iPhone X Review: The Verdict
The iPhone X is a bleeding edge piece of tech that lays the foundation for the next decade of smartphones. If you can stomach the cost - and don’t mind relearning how to use your phone - it's easily the best iPhone you can buy, but it's not for everyone.
What we love
- Genuinely feels new
- Facial recognition actually works
- Fantastic cameras
- Solid battery life
What could be improved
- Very expensive
- No bundled fast charger or wireless headphones
- No headphone jack
What's the iPhone X?
Part sci-fi pipe dream, part gratuitous status symbol, the iPhone X lays down a blueprint we're sure to see replicated by phone manufacturers for years to come. Much like its 2007 namesake, the iPhone X is a radical redesign, ditching tried and true conventions for something that truly feels new.
The home button is gone, so is the fingerprint reader. The device is almost all screen. Apple isn't the first manufacturer to toy with these ideas, but they genuinely change the way you interact with your phone. For the best, for the most part.
Other than a small notch for a speaker and front-facing camera, the front of the iPhone X is all screen. This has allowed Apple to plonk a 5.8-inch display - the largest in any iPhone yet - into a body that's only a little bit bigger than the 4.7-inch iPhone 8.
In moving to this all screen design, the home button had to go. And rather than move the fingerprint reader to the back, or embed it under glass or in the power button, Apple has bet it all on facial recognition. Fortunately, it's some of the coolest tech we've seen in a phone in yonks.
Of course, the new hotness doesn't come cheap; starting at £999, the iPhone X is the priciest iPhone to date. So is it worth your hard-earned cash?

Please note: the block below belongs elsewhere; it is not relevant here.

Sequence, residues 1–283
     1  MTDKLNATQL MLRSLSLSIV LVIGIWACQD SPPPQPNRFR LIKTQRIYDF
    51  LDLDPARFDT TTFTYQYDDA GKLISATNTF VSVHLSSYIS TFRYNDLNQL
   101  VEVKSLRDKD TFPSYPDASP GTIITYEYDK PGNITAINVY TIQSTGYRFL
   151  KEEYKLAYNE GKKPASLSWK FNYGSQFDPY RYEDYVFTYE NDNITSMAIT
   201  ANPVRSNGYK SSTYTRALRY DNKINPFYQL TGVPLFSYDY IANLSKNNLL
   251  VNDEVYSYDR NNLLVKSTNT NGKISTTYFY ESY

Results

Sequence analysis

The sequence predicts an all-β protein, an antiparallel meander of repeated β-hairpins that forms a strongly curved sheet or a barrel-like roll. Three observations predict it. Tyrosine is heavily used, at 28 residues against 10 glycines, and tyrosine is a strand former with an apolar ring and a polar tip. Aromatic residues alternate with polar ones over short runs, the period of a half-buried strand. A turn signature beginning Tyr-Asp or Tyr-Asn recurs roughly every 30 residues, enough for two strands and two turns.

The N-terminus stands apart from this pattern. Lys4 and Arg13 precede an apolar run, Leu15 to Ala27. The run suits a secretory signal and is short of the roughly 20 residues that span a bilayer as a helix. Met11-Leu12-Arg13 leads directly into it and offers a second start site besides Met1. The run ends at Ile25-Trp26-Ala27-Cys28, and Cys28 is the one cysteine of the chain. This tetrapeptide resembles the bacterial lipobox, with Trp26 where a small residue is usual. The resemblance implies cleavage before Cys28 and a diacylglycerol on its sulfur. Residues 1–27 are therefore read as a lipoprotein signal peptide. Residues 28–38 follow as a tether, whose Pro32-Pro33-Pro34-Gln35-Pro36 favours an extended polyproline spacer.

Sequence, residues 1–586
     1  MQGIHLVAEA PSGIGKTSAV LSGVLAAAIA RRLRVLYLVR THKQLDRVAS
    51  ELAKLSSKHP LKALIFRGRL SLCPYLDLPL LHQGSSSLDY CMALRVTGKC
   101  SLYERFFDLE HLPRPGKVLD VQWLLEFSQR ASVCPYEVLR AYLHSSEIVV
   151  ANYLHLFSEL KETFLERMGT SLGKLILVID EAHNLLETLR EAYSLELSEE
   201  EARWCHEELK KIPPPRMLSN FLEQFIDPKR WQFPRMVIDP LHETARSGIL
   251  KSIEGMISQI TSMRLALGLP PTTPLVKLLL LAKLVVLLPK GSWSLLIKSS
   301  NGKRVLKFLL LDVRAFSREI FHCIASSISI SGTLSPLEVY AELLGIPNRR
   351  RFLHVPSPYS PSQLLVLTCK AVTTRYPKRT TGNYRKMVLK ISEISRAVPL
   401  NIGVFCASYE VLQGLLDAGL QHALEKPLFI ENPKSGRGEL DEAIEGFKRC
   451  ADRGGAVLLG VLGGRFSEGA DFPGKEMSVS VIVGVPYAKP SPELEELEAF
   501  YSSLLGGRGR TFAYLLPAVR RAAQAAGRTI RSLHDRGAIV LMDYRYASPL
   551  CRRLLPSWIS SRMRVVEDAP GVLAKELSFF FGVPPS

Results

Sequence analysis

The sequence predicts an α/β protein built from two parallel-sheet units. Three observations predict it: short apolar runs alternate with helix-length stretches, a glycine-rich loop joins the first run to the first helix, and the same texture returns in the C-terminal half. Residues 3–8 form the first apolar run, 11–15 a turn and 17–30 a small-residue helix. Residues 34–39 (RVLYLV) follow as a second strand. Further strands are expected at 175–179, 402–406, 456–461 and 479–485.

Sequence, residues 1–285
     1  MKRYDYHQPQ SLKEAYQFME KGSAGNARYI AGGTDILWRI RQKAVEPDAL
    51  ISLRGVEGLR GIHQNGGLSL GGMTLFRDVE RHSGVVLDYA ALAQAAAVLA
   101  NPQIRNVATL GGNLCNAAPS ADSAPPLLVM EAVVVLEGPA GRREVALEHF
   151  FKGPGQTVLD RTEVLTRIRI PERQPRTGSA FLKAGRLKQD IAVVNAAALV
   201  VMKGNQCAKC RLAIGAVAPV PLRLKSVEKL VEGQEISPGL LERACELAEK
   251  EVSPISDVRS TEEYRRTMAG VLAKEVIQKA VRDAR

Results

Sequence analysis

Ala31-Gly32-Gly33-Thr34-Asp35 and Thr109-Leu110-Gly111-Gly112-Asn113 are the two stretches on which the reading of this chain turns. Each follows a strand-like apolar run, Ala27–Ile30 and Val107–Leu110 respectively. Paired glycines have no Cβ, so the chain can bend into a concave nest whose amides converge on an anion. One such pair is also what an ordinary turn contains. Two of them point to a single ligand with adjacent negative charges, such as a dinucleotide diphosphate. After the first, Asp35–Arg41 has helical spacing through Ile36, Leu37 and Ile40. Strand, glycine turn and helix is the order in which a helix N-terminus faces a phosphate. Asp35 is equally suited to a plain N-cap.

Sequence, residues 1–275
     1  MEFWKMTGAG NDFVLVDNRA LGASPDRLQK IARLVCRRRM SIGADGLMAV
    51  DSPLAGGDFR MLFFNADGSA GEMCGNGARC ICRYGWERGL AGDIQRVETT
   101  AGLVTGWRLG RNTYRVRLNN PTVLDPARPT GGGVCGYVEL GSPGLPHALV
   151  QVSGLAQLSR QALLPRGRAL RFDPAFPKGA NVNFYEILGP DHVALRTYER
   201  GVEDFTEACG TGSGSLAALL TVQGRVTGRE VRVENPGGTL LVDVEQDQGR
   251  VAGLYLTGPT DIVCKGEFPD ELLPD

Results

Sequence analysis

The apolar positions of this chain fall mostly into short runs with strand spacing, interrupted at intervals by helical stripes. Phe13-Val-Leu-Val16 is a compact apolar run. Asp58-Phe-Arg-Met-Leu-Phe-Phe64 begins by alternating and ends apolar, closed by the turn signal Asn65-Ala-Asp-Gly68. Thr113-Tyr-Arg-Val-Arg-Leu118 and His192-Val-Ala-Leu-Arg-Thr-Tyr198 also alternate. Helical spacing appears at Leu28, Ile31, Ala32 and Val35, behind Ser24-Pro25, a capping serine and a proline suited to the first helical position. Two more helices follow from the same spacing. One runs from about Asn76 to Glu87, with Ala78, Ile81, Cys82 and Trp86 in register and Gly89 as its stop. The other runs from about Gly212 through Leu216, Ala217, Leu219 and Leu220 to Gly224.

What's good about the iPhone X?
Cutting the fingerprint reader was a controversial decision, but facial recognition is an admirable replacement for Apple's longstanding Touch ID. Using your face to unlock your phone is fast and reliable; I didn't have any issues about 95% of the time. The process is easy: tap the iPhone X's screen to wake it up, swipe up, and voila, you're in. You might not even notice it looking for your face.
Dubbed Face ID, the iPhone X uses a "TrueDepth camera system" for its facial recognition. It's a selfie camera on steroids that uses a bunch of newfangled tech (including a dot projector, infrared camera, and a flood illuminator) to map your face, measure your proximity from the phone, and check if you're paying attention. Because Face ID has all this data to work with, it's incredibly difficult to fool - you can't just print out a picture of someone's face.
All this tech also makes Face ID quite flexible; it's not just looking for one "look". I've got long hair, I wear reading glasses. Face ID worked with my hair up, with my hair out, with my glasses on, with my glasses off, in bright sunlight, in complete darkness.
Face ID should work with sunglasses too, provided they don't block infrared. My Ray Bans do, which is a bit of a bummer, but I'm not going to change sunglasses for my phone. If you're in the same boat, you're able to lift up your sunglasses for a second, or just bang in your PIN. Alternatively, you can tell Face ID not to "look for attention", which means you don't have to make explicit eye contact with the TrueDepth camera to unlock the iPhone X.
Even if you've got "look for attention" switched off, you do still need to look at your iPhone X at the right angle to unlock it. It's one of the main trade-offs when compared to the fingerprint readers of old; you can't just unlock your iPhone when it's sitting on a desk, for example. In most cases, you'll need to either pick up the phone, or move your face. Just being in proximity of the iPhone X isn't enough to let you in.
Face ID is now used to authenticate Apple Pay in lieu of a fingerprint reader. You double tap the iPhone X's side button to bring up your card, look at the phone to authorise, then tap the terminal to pay. It's maybe a touch slower than simply tapping your phone on the terminal, but not egregiously so.